Imagine being born in a cage, deprived of any freedom. Your life is spent behind bars, travelling in a beastwagon. Fear of the whip makes you perform demeaning tricks for the public. It’s a world so far detached from what nature intended for you. Sadly, this is the life endured by many wild animals in circuses around the world.
Angela, Bellone, Louga and Saïda are four lions who all shared this miserable existence. They were born in a circus in France and spent their entire lives travelling and performing. Louga was even castrated to make him easier to handle. These lions desperately need your help. Together we can provide them with a better future.
Unfortunately, many thousands of wild animals are exploited in circuses worldwide. And not just lions. Elephants, tigers, zebras, bears, monkeys and even hippos – to name just a few – are deprived of a life in the wild so that humans can pay to watch them jump through hoops, balance on balls or ride on bicycles. When they’re not in the ring, they’re kept in small, barren beastwagons, or they’re on the road. Unbelievably, only 31 countries have banned the use of wild animals in circuses. In many parts of the world, this outdated show goes on.
Thankfully, the show is over for our four lions. They were surrendered by the owner of the circus and are currently living in a temporary home in France. You can help them say goodbye to the circus, once and for all, by giving them a permanent home at our big cat sanctuary at Shamwari Private Game Reserve, South Africa. There they will live in a spacious and safe environment, free from harm. These lions are so deserving of a dignified retirement.
Angela, Bellone, Louga and Saïda were all born in captivity.
Angela and Louga were just one month old, and Bellone and Saïda four months old, when they were sold by one circus to another.
Louga is the only male and the reason why the lions were surrendered by the circus owner. Louga attacked the owner during a show, so the owner decided it would be best to part with them all. Although Louga is male, he has no mane because he has been castrated – but he more than makes up for this with his feisty character. The 12-year-old is definitely the dominant member of this man-made pride!
Saïda, who is 13, is feisty too, and, as a lion would be in the wild, can be defensive and aggressive around people. In contrast, 12-year-old Angela and Bellone, who is soon to be 15, are both generally calm and relaxed.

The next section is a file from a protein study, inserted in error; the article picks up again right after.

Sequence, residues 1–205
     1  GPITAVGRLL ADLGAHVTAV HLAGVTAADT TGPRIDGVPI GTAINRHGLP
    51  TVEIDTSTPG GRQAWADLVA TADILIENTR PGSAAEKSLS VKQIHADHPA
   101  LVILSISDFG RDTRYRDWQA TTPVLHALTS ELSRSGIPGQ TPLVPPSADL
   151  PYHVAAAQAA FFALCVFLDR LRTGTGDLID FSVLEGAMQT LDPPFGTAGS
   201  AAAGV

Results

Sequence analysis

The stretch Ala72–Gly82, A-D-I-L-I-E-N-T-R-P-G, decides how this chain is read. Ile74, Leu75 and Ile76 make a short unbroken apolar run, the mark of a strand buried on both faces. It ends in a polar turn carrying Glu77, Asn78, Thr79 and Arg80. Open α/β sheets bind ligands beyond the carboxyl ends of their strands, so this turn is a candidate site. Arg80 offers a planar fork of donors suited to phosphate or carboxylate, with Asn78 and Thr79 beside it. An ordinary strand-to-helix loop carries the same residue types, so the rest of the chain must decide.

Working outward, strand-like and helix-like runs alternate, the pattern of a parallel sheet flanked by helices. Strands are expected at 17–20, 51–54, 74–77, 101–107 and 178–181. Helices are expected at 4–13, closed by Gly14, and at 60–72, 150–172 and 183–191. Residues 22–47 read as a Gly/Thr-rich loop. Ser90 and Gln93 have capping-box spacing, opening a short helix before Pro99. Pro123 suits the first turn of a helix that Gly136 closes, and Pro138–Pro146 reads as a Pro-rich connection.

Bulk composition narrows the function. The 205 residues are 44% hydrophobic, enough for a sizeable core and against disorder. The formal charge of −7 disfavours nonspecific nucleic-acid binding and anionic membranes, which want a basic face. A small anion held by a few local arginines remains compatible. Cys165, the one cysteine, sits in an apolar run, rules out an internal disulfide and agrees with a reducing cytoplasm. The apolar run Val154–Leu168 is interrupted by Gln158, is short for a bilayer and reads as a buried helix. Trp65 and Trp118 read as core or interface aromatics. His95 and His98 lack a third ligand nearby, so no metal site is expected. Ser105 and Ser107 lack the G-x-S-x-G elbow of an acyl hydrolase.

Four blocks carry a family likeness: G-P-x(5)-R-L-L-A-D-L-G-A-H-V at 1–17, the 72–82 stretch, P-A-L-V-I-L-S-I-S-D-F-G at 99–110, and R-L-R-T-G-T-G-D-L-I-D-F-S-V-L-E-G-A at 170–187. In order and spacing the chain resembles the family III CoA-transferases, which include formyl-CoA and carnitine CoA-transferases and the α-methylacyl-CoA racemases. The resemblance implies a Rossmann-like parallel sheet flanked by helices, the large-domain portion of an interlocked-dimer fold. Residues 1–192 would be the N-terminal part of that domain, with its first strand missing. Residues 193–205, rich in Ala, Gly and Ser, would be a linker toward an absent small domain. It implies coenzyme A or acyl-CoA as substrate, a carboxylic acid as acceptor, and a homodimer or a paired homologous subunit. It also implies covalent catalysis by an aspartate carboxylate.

Angela, Bellone, Louga and Saïda are all living in a temporary home in France.
You can help give them a lifetime home at our big cat sanctuary in South Africa.
Our highly-experienced relocation team will prepare the lions for their journey and finalise all the necessary health checks and paperwork.
When everything is in place, travel restrictions have been lifted and it is safe for everyone to travel again – the lions will be relocated to South Africa.
Travelling from France to South Africa by road and air in their own individual travelling crates, they will be carefully monitored at every stage. When they arrive, we’ll introduce them to their new lifetime home – a safe, spacious and natural environment, a world away from the big top.
Your gift today will help fund the relocation of the lions to South Africa and their lifetime care at our big cat sanctuary at Shamwari Private Game Reserve in South Africa, which is a safe environment for lions and leopards rescued from appalling captive conditions*.
*If we raise more money than we need for the lions’ relocation, the additional funds will go towards their lifetime care and/or future rescues. The lions will be relocated when all the necessary paperwork is in place, when all travel restrictions have been lifted, and when it is safe for everyone to travel.
Four lions spent their lives in a travelling circus. Kept in cramped beastwagons, and constantly on the move, they were forced to perform night after night for so-called entertainment.
Thankfully, they’ve been rescued, but they need a lifetime home. You can help give them a better future at our big cat sanctuary in South Africa.
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